CHIRON Group launches first metal 3D printer for wire and powder
The CHIRON Group, specialist in the field of CNC equipment such as CNC-controlled vertical milling, has developed the AM Cube. It is the group’s first 3D printer for manufacturing larger and more complex metal components. The AM Cube is based on a technology similar to Directed Energy Deposition (DED). DED is at the frontier of material extrusion and powder bed fusion (PBF), meaning that it uses a focused energy source such as a laser to melt the metal at the same time as it is being deposited by the nozzle of the 3D printer. This 3D printing technology is often used in AM to repair damaged parts.
One of the interesting features of the AM Cube is that the print head can be changed during an active printing or coating process. In fact, the system includes an automatic head change option. One print head could be used to achieve a high surface quality, and another could be used to achieve a high deposition rate for example. In total, the AM Cube has three print heads that can be interchanged for an increased level of flexibility.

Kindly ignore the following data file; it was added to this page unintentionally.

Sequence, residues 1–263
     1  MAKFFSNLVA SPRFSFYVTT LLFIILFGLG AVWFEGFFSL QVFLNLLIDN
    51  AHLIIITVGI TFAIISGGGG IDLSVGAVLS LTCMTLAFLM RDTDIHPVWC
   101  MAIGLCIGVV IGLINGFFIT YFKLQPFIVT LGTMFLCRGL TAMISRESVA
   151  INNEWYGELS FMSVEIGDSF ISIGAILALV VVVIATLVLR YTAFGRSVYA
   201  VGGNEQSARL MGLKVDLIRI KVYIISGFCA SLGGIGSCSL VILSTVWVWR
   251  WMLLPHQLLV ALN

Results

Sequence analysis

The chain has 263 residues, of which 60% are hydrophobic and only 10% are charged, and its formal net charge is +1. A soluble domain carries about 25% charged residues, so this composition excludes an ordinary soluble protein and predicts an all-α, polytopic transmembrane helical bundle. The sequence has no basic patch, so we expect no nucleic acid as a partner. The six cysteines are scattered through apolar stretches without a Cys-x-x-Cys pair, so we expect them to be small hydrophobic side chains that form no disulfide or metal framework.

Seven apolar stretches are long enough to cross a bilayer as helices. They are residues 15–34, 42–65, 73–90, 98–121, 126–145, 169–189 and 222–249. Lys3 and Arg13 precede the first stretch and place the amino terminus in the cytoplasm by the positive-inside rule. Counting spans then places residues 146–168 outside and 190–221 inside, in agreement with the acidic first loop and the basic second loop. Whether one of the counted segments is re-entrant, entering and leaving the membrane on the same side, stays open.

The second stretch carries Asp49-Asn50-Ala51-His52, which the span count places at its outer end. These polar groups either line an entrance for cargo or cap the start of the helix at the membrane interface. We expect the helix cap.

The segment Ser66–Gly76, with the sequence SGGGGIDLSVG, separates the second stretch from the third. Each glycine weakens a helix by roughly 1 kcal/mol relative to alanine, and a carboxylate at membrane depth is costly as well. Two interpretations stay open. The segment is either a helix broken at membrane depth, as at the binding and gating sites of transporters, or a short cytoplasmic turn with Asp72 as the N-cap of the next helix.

AM Cube works with wire and powder
Additionally, CHIRON Group announced that their system can work with metal wire and powder. This is quite a rare, yet interesting feature in the industry. Meltio, a company specializing in metal 3D printing, has developed a technology that can also work with both wires and powders on the same printhead. This technology made some noise when it was revealed during Formnext 2019, adding freedom and new possibilities to manufacturing. In fact, CHIRON Group explains that while coating with powder is the most commonly used process in metal additive manufacturing, wire-based laser metal deposition offers better safety characteristics and an impressive reduction in waste material.
The system is designed as a platform, therefore on top of its 3D printing capabilities, it can be reconfigured to 5-axis machining with relatively little effort. Additionally, the AM Cube is equipped with sensors to meet all relevant safety requirements for operation without monitoring by the operator. If the AM Cube is used to machine particularly reactive materials such as titanium, the entire system can be flooded with protective gas to reduce oxidation, enabling manufacturing to be performed under a protective gas atmosphere for several hours.
Even though this is the group’s first 3D printing platform, it is confident that solutions for AM will be essential for industrial sectors. Axel Boi, Head of Additive Manufacturing at the CHIRON Group comments: “The Additive Manufacturing department is a start-up within our own business group. With this 3D metal printer, made by CHIRON, we are creating a facility for manufacturing larger components with long procurement times and high material prices. This technology can be used effectively in the mechanical engineering, tool manufacturing, energy production and aerospace sectors.”
*Cover Image Credits: Jürgen Jeibmann, Fraunhofer IWS Dresden
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